Additionally, it should be noted that as battery technology improves (or compatible technology associated with other power sources becomes available), and as the cost of manufacturing the circuits within a sound processor decreases, a point will some day be reached where it makes economic sense to make a disposable (or recyclable) external sound processor. That is, when the energy capacity of the power source within the sound processor is such that the device can be reliably operated for one or two or more weeks, and the cost of manufacturing and/or recycling the sound processor has been sufficiently reduced, then the user can simply be provided with a supply of body-worn sound processors. When the integrated power source of a given sound processor has been depleted, then the user simply starts using a new sound processor and throws the depleted sound processor away, or (more preferably) sends the depleted sound processor back to the manufacturer for recycling.
The above and other aspects, features and advantages of the present invention will be more apparent from the following more particular description thereof, presented in conjunction with the following drawings wherein:
Corresponding reference characters indicate corresponding components throughout the several views of the drawings.
The following description is of the best mode presently contemplated for carrying out the invention. This description is not to be taken in a limiting sense, but is made merely for the purpose of describing the general principles of the invention. The scope of the invention should be determined with reference to the claims.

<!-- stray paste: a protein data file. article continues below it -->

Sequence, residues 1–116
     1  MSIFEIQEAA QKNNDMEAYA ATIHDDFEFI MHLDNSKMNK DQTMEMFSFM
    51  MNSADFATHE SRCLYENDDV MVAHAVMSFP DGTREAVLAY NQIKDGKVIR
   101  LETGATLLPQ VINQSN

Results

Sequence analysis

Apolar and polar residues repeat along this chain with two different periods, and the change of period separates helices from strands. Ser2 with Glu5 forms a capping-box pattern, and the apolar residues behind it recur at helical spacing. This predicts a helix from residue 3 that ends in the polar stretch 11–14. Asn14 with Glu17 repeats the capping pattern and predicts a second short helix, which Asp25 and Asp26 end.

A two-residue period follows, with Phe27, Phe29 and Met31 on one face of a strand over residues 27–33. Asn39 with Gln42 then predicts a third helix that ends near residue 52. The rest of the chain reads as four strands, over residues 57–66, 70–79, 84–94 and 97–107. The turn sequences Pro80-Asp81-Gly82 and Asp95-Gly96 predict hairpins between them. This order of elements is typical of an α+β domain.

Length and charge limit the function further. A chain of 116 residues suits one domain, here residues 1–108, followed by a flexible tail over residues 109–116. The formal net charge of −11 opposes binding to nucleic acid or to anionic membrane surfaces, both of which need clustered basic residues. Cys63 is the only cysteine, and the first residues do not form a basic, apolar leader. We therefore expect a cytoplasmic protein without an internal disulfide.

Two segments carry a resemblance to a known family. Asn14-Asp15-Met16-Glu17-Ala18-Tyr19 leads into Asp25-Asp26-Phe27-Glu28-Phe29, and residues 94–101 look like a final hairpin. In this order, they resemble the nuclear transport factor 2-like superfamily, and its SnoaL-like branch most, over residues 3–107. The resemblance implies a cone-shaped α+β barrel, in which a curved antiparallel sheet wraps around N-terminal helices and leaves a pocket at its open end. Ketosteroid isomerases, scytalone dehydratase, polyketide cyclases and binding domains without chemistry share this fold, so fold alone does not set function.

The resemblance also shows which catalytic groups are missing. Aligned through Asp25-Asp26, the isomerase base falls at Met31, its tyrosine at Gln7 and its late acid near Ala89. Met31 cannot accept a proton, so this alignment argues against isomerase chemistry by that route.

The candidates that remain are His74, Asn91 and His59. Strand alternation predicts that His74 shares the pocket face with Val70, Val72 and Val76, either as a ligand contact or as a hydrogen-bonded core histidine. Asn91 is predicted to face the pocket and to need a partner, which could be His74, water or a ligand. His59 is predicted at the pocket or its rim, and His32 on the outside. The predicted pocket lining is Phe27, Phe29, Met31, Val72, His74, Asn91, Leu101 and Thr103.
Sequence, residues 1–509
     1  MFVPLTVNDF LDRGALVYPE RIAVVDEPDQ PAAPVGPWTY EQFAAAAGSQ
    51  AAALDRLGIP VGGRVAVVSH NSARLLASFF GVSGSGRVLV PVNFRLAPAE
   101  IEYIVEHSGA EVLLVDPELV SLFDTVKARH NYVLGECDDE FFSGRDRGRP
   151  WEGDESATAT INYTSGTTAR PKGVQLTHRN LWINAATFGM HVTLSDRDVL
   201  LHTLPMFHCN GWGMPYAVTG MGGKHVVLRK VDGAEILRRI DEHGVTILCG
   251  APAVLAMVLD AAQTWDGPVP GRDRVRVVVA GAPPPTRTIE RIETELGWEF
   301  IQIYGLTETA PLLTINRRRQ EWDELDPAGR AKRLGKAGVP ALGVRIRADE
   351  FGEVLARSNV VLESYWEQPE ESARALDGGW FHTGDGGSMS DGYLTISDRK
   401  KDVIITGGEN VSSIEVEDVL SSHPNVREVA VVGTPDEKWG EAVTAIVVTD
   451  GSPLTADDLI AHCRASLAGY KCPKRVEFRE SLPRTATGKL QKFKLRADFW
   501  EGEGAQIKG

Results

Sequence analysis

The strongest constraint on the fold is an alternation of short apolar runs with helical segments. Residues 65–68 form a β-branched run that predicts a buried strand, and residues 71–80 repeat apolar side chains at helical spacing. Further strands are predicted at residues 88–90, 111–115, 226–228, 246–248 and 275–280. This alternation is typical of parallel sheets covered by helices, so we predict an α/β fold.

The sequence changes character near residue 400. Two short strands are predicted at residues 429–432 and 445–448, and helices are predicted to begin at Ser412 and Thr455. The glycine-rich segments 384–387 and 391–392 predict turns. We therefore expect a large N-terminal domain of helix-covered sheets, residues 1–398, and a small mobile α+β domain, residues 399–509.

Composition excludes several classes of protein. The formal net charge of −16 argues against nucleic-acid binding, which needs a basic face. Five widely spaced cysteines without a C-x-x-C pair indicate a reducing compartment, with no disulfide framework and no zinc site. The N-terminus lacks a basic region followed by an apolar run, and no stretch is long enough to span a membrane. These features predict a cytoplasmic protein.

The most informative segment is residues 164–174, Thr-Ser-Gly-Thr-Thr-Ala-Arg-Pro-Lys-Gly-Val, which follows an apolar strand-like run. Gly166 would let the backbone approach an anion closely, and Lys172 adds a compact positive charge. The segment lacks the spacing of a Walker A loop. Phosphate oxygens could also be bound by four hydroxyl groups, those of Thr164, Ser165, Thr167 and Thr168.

Referring first to
External (not implanted) components of the system 10, also shown in
The power source 40 is detachable from the sound processor 30 and provides the operating power for the system 10. The power source 40 typically comprises primary batteries that can be thrown away when depleted and replaced with new batteries, or rechargeable batteries that can be recharged.
The sound processor 30 receives sound signals through the microphone 32 and processes such signals to convert them to stimulation signals in accordance with a selected speech processing mode that is programmed into the sound processor. The resulting stimulation signals are then applied to a coil 22 in the headpiece 20.
The coil 22 of the headpiece 20 is coupled, either inductively or through an RF link, to another coil (not shown) in the ICS 12, thereby allowing the stimulation signals to be received by the ICS. The stimulation signals typically comprise a carrier signal (which, when received in the ICS is rectified and used to provide operating power for the ICS circuits) that is modulated with control information, i.e., information that designates which electrode contacts are to receive a stimulating pulse, and the intensity and timing of such pulse.
A more complete description of representative cochlear stimulation systems may be found in U.S. Pat. Nos. 5,603,726; 5,824,022; 6,219,580; and 6,289,247, each of which is incorporated herein by reference. A more detailed description of a representative cochlear electrode array 14 that may be used with a cochlear stimulation system may be found in U.S. Pat. No. 6,129,753, also incorporated herein by reference.